Normalization to common spatial reference space. After creating maps of visibility graph differences (top-bottom) on a single voxel level, we obtained a transformation between each EPI time series to its corresponding anatomical image using FSL’s epi-reg script. The most important steps in this procedure are FAST’s (FMRIB’s Automated Segmentation Tool; Zhang01 () histogram based segmentation of the T1 structural scans to derive white matter maps, and the use of the boundaries of these white matter maps to perform Boundary-Based co-Registration of the EPIs to their corresponding T1 structural images (BBR; Greve09 ()). We then performed nonlinear normalization (FNIRT), of each subject’s T1 images into MNI space. Importantly, we concatenated the two transformations (EPI to T1; Linear, guided by white matter boundaries) and T1 to MNI (nonlinear warp) to derive a single transformation from EPI space to MNI space. We used this transformation to align the AVA maps from original space to the MNI template in a single step.

Single-voxel calculations, and group-level analyses. The sleep-staging procedure allowed us to obtain fMRI time series for wakefulness (W) and three different sleep stages: N1, N2 and N3. On the single participant level, for each of the four conditions, we conducted voxel-wise analyses to derive the node-degree histograms for the top and bottom graphs (i.e. these were derived for each voxel). These were represented as the empirical cumulative distribution function. With these CDFs we could answer the following two questions:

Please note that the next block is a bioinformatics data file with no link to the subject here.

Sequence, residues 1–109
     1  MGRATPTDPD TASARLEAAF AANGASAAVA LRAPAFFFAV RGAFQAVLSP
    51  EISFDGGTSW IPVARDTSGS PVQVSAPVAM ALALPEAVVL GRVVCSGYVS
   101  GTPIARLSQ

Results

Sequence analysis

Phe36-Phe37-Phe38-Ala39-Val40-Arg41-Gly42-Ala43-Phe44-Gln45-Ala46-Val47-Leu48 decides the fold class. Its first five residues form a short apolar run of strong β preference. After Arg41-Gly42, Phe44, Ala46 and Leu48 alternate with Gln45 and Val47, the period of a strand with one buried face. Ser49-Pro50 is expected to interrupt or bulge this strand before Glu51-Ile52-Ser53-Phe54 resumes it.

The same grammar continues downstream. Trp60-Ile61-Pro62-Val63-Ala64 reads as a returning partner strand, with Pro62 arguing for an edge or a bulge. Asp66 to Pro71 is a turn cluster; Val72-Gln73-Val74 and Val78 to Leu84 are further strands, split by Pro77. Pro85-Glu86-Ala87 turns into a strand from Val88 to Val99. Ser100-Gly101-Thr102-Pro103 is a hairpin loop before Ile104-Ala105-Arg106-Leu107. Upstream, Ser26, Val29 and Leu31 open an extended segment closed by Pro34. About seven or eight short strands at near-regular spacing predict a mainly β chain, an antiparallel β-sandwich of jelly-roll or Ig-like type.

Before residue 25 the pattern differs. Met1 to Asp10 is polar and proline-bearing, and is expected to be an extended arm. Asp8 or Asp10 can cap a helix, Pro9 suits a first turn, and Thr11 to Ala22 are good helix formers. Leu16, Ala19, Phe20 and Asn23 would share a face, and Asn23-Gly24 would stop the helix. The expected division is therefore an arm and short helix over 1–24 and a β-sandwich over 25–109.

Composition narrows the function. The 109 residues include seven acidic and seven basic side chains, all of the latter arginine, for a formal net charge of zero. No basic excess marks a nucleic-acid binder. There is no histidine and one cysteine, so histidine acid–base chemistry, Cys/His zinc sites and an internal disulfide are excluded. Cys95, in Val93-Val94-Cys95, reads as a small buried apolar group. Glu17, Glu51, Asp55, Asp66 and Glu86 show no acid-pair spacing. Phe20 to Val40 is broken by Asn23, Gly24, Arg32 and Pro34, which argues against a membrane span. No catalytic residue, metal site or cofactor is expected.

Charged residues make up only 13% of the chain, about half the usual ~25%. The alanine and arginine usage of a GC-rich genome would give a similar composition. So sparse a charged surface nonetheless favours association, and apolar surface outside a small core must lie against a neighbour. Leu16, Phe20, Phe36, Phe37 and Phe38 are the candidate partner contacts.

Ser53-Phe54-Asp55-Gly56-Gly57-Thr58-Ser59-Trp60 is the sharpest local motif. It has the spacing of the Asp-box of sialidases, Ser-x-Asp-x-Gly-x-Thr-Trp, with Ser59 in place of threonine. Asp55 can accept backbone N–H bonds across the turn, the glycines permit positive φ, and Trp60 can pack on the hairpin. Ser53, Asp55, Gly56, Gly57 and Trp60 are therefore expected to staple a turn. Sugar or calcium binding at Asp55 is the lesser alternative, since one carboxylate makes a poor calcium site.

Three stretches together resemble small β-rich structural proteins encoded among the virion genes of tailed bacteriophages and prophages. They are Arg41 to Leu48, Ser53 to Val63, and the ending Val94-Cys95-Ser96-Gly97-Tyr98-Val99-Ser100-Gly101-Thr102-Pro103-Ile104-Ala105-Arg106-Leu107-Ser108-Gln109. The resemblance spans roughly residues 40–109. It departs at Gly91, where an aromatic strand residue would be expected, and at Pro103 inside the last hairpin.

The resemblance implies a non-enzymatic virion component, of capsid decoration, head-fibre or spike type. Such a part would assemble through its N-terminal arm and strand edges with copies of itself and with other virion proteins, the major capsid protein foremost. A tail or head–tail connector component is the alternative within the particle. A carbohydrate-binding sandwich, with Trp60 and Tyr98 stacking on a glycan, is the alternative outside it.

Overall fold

1. On the single-condition level we identified brain areas that differentiated the top from bottom CDFs; we refer to this ‘difference’ histogram as Asymmetry of Visibility Histogram (AoVH), which is our primary way of implementing VGA in this application. We performed these analyses for CDFs derived from both VG and HVG. It is important to note that because these CDFs were normalized, a main effect of condition is not possible (the histograms average across bins to one) and there will always be a strong main effect of bins. Instead, it is the interaction between top/bottom analysis and Bin which we use to show differences across conditions. In reference to the illustration in Figure LABEL:fig:VHGVG (panel C), we are interested in whether the difference between the blue and red histograms, calculated for a given voxel’s time series’ are systematic across participants.

  2. Then, in order to study differences between conditions, we compared the AoVH of the two conditions. We did this by deriving AoVH for each condition and then determining statistically whether these differed between the two conditions. Note that comparisons between conditions were based on time series matched for length within participant.

On the group level, to evaluate voxels showing statistically-significant AoVH within each study condition (W, N1, N2, N3) we conducted voxel-wise repeated measures ANOVA with two fixed factors; Time series view (two levels [Top, Bot]), and node-degree-histogram Bin (8 levels as explained above). To enable inferences about the population, we modeled participants as a random factor. In order to compare between any two conditions (e.g., W vs. N1) we derived the AoVH for each condition, and conducted a repeated measures ANOVA with 2 fixed factors: Condition (e.g., W vs. N1) and Node degree histogram bin of the difference histogram (8 bins, values 2(min)-9(max)). We note that 8 bins are used here, as the 9th bin would not be independent of the prior 8 (due to normalization).

These analyses returned a statistical significance value for the interaction term, for each brain voxel. We then implemented a clustering procedure forman99 () to identify brain areas where many contiguous voxels, each with a value of .001 show a significant interaction: this identifies an ‘activation cluster’.

Financial case

In application to financial data, we considered a dataset of financial stocks comprising stock evolution of 35 major American companies from the New York Stock Exchange (NYSE) and NASDAQ in the period 1998-2012, the majority of which belong to the Dow Jones Industrial Average. Data have been extracted from Flanagan2016 ().